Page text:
The mouse would often shake in the corners, and there was nothing the owner could do about it. This went on for many months. The mouse darting and playing or being calm and behaving.
One day the owner had had enough of the mouse’s shenanigans and decided to do something about it.
An emergency call to the IT expert and an hour later the mouse was the best-behaved little mouse.
We got to the station two hours before the train was due to leave. We were early because we were taking the night train from Rome to Paris and we needed seats. We were travelling on Eurail passes - so no booked seating, and we didn't want to spend the night sitting on the floor in the corridor.
At first it looked pretty good - just us and a few others on the platform. But twenty minutes before the 9pm departure time, the crowds started to arrive. And not just any crowds: these were tough, battle-hardened Italian train travellers equipped with blankets, pillows, thermoses and big hampers of food.
We knew we'd have to fight for it, and we thought we could: we were young and fit - we just had to forget about being polite and use our elbows and force our way in. We HAD to get a seat.
We didn't get a seat. At five to nine, the empty train started to roll into the station. As soon as it was next to the platform, people started throwing their bags through the open windows and then climbing in after them. We couldn't believe it. By the time the train had come to a stop, it was full. We rushed on and found, to our horror, that every compartment was full of Italian families, already unpacking their salami and cheese.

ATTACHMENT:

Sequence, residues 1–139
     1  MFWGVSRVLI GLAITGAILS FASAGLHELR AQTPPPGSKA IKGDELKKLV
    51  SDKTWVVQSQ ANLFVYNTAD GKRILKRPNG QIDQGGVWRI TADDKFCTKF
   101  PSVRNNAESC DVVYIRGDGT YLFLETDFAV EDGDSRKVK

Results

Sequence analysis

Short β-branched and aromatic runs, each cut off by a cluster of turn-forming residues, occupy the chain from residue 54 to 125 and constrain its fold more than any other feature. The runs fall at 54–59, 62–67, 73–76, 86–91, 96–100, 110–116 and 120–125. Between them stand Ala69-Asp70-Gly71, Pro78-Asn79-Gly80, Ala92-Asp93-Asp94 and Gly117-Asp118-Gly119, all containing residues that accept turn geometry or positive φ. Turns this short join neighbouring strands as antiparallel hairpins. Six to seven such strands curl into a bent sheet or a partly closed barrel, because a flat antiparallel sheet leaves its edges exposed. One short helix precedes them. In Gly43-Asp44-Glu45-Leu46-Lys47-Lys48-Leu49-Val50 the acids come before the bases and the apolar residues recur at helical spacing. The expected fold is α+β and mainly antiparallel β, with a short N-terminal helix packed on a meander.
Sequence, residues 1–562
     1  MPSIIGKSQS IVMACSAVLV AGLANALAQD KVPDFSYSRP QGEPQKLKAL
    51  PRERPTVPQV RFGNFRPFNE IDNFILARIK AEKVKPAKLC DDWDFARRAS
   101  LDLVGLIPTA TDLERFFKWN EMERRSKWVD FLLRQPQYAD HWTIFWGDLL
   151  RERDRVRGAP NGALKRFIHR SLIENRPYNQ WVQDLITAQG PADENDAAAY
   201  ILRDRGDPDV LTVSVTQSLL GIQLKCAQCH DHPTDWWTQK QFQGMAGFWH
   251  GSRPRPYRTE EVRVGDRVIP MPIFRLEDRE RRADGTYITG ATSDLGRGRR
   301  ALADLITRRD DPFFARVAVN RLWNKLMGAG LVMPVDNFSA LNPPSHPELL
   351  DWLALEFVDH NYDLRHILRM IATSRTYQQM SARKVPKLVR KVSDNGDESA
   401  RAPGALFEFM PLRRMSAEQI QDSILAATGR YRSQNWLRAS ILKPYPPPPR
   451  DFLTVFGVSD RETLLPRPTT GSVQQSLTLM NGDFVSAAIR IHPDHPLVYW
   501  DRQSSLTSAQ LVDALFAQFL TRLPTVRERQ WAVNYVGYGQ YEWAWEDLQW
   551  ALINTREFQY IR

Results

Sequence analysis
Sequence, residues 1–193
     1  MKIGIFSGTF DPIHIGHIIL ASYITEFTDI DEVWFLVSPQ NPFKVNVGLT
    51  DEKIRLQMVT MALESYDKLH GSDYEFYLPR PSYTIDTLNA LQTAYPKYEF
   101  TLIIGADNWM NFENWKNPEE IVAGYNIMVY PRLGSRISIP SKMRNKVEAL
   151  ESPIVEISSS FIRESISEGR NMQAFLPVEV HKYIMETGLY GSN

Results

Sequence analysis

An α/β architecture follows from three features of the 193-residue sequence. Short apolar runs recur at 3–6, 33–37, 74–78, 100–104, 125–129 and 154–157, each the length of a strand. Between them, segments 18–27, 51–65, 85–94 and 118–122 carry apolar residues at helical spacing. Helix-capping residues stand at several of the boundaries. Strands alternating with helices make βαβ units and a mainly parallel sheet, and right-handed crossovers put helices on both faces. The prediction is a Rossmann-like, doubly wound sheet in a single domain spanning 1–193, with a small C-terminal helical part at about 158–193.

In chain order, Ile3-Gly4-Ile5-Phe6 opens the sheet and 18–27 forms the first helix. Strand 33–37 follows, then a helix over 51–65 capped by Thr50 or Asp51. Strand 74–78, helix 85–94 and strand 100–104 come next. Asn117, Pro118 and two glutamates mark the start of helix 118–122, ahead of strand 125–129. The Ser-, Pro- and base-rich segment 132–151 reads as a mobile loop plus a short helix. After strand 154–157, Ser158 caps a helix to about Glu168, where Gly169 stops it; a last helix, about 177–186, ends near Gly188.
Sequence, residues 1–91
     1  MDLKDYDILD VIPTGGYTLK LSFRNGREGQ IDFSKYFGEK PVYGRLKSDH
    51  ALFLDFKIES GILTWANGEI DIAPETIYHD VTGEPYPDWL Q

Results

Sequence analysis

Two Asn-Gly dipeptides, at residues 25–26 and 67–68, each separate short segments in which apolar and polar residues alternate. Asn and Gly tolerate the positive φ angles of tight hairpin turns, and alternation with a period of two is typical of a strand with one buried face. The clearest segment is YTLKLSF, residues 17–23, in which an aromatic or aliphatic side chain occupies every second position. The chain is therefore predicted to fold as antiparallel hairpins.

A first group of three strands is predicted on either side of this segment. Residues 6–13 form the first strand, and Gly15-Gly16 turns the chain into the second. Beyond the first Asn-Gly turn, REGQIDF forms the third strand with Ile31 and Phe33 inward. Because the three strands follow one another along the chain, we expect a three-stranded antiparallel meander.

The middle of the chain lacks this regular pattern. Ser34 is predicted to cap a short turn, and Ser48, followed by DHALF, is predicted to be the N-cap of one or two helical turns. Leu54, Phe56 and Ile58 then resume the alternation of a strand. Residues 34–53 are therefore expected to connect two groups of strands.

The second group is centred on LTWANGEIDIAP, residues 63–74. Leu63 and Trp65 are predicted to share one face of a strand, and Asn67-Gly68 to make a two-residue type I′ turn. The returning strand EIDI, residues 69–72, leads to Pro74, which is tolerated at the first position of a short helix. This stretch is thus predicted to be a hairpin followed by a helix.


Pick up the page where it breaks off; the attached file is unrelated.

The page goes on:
We sat on the floor in the corridor with our backpacks arranged so people wouldn't tread on us. It was pretty depressing. After a while I got up and had a scout around. As we were coming into Firenze I saw a family organising their bags and getting ready to get off. I called the others, and we grabbed the compartment the minute the family were out the door. We spread our bags everywhere, turned off the lights, pulled the curtains and locked the door. When the new passengers banged on the window, we ignored them.
When in Roma...